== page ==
I don't want to Die with Love on my Heart

Earlier this summer I wrote about learning how to put the suitcase down and building roots. I wrote about finding the people who just as excitedly kick me out the door for a new adventure as they do welcoming me back with my exhausted arms from all that I have carried.

 For the first time, I put words out there to describe the messy cahoots that are strung across my heart, “This past week some friends have signed contracts for their first job after university. Other friends started going out on dates with promising prospects. And me? I was trying to navigate the questions: to stay? Or to go? To give the guy who I dance with in his kitchen an honest chance? To be honest with myself about having feelings for people? I have become so good at being alone, I prefer it that way. Could it be though, that I have become so good at leaving that I don’t want any traces of the word “stay,” to be attached to me.”

To be honest with myself about having feelings for people.

 That is a haunting statement. It is a statement that keeps me balanced. Am I playing fair? Or am I running? Did I even show up for the event? For a girl like me, these are important questions I have to stop and ask myself.

After finding out that Dan died, I remember that Monday night so vividly. I sat in the passenger seat of my friend Justin’s car, it seemed as if there were months of tears waiting to be released – they couldn’t get out fast enough. “I don’t want to die with stories inside of me,” I sobbed as he looked at me unsure of how to react, so he put his hand on my leg. With Justin I always played the role of an ice queen with my feelings. He handed me a Chipotle napkin to wipe my tears as I continued to stumble through my words, “I don’t want to die with love in my heart still. I want to put it all out there. I want everything out on the table.” And he just held me until I was done crying.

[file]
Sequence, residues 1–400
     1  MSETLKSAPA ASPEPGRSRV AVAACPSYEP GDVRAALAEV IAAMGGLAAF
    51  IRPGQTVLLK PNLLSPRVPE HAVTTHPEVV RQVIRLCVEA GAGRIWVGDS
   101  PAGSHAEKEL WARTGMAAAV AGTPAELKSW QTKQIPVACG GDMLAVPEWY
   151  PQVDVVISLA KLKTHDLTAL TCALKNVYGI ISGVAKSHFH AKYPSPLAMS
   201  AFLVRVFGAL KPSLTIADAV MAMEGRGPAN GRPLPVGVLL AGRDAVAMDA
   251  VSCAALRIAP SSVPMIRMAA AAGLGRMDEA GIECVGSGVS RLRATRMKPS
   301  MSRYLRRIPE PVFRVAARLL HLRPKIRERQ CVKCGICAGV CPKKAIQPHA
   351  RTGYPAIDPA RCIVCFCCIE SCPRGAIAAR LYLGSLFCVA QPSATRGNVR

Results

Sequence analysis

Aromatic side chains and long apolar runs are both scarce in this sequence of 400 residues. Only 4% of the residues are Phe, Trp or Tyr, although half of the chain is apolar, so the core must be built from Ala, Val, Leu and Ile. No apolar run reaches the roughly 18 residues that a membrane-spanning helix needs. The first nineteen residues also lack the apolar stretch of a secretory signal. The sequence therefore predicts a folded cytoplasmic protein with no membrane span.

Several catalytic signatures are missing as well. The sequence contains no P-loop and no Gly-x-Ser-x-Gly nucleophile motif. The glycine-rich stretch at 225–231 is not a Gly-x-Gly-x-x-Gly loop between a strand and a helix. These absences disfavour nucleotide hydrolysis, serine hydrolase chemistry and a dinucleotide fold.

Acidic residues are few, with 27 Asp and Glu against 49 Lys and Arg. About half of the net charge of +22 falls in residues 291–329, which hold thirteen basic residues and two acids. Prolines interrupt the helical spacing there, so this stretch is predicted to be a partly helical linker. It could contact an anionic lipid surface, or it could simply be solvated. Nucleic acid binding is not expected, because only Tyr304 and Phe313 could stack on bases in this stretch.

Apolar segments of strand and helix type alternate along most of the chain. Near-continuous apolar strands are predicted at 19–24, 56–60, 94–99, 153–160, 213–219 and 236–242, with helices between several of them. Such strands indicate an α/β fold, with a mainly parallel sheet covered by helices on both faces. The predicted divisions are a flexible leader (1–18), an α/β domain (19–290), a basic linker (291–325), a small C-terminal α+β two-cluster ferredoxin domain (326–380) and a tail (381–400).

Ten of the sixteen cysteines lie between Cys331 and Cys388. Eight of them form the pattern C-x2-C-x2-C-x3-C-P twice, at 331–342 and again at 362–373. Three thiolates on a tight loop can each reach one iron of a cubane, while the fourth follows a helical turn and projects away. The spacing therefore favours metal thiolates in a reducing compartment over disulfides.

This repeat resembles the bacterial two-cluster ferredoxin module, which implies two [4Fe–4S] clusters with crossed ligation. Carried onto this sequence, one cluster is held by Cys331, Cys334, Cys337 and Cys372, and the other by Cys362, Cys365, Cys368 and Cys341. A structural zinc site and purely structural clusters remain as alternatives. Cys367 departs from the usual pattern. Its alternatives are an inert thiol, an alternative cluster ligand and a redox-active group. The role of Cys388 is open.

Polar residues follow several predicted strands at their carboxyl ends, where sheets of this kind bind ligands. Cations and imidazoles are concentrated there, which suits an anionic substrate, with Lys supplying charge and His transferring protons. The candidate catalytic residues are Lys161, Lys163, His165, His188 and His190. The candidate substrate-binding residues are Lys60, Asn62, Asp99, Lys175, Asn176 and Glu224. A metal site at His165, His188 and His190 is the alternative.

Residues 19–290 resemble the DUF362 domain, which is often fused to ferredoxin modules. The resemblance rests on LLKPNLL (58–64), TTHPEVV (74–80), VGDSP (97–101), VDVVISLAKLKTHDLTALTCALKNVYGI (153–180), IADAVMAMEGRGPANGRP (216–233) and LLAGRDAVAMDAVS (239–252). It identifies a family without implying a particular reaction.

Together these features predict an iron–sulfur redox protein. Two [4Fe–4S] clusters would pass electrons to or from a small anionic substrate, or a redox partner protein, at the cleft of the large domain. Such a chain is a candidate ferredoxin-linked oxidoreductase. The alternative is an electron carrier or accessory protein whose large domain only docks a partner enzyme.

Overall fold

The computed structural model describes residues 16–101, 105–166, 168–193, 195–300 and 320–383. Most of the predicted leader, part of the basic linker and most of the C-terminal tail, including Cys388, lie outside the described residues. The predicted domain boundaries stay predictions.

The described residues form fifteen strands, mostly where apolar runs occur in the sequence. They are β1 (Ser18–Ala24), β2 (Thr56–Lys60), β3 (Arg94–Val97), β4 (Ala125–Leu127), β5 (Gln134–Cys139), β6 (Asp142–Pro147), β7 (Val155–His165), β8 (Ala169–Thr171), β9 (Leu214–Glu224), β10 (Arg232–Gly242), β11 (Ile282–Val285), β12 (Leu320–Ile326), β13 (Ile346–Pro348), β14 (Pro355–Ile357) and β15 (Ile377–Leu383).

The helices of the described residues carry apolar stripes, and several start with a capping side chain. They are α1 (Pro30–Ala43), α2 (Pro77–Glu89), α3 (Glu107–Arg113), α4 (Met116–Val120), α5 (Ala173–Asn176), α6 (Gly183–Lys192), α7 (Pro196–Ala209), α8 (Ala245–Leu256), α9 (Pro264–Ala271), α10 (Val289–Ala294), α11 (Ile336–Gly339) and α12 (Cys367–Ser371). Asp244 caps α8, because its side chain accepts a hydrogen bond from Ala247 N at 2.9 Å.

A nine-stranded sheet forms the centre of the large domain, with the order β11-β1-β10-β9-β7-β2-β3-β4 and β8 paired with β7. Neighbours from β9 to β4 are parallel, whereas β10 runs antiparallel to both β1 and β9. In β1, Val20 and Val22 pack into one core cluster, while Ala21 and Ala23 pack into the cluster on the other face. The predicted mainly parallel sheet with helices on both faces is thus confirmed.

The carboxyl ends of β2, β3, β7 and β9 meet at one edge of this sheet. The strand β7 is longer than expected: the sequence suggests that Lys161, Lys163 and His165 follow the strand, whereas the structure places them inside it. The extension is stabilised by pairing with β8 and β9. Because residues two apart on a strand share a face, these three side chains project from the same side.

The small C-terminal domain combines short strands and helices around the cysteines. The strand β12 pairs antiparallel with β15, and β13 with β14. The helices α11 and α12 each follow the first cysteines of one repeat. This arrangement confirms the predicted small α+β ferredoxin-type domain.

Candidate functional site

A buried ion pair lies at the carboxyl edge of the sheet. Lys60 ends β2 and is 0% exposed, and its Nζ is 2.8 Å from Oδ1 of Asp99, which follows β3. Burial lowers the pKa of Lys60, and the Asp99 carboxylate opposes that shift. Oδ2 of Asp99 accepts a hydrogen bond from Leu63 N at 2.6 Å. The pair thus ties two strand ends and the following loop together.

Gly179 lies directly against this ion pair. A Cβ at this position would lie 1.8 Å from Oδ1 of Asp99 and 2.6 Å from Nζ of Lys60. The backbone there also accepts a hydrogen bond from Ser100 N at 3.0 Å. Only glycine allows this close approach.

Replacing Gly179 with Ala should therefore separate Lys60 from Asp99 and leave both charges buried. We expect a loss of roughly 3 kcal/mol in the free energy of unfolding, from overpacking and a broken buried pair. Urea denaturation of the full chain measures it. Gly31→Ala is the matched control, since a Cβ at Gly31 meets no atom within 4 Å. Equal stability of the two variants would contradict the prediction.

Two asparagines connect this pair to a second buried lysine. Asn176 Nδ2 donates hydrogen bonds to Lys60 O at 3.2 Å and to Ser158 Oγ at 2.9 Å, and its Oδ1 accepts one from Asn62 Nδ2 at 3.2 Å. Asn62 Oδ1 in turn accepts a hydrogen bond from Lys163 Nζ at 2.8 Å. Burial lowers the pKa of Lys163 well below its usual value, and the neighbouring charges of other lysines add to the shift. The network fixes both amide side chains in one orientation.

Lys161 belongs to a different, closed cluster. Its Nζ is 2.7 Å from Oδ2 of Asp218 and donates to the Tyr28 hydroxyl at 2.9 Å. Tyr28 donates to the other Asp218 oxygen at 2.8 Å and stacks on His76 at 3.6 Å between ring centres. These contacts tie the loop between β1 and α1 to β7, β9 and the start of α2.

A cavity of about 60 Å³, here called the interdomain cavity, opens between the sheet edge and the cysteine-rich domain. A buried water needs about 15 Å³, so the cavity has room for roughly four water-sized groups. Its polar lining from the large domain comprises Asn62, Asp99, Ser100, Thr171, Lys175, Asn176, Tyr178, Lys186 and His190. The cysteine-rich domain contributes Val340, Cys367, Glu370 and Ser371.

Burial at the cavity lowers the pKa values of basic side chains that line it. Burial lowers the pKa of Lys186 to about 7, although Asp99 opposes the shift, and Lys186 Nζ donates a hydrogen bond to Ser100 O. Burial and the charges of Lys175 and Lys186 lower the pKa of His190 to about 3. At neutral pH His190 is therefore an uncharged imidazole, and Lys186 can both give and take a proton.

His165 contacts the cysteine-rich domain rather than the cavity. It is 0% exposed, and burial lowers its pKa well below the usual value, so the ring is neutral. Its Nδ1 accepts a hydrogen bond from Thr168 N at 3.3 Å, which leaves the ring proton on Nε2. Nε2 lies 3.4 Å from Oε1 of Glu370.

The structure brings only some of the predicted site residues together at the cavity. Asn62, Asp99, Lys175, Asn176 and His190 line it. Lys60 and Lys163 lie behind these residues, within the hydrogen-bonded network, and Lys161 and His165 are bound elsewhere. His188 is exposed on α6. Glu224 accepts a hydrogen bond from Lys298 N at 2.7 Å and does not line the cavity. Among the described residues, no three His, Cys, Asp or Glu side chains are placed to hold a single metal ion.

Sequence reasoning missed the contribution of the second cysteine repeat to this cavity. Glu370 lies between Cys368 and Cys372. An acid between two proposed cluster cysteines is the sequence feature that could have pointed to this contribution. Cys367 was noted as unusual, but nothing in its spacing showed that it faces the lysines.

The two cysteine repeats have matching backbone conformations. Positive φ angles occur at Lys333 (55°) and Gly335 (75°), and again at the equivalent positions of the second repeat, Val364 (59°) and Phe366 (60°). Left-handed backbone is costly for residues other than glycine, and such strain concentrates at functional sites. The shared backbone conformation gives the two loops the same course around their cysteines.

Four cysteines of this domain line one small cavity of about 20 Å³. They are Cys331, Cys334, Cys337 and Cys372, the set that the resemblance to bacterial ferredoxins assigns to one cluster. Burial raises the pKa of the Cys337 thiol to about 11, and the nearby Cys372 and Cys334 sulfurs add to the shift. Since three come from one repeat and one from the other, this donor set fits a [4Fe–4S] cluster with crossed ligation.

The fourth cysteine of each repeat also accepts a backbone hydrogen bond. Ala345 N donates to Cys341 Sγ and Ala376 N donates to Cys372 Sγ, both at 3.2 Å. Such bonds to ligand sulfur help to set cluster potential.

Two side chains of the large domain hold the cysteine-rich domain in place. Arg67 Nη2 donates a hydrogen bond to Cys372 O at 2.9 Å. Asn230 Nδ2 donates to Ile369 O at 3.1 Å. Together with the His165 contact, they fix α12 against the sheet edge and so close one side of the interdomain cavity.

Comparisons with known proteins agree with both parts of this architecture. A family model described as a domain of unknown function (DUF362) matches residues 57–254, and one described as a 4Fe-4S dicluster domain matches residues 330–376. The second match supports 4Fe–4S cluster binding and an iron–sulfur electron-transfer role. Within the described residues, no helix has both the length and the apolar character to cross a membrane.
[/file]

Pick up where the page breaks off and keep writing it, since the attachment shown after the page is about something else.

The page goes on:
With Dan passing away and then the sudden loss of another friend, Julian, those words have never been more urgent, real and honest. It has been my truth that I am trying to live. Even if that means failing, failing really hard.

It is crazy to think that this time last year, I was living in Cambodia. I just packed up and left. I needed to learn how to trust myself again and I knew that the only place I would be able to do so was if was the only person that I knew in whom I knew in an overnight flight’s distance. What I didn’t expect was to fail so hard and succeed in the tiniest, yet most meaningful ways at once. When I say that I failed so hard, what I mean is that I had to teach myself how to get out of bed in the morning. I hard to learn how to never take advantage of my mother’s hugs after she picked me up in her arms, off of the airport floor crying.

This summer was different though. I didn’t want to run away and if I was going to, I wanted to make sure that it was in the safety of the Wild West’s backyard. I jumped into this hasty love affair with the world and it broke me.

By telling myself that I was going to learn how to stay, I was reassuring myself that sometimes it takes baby steps to rebuild.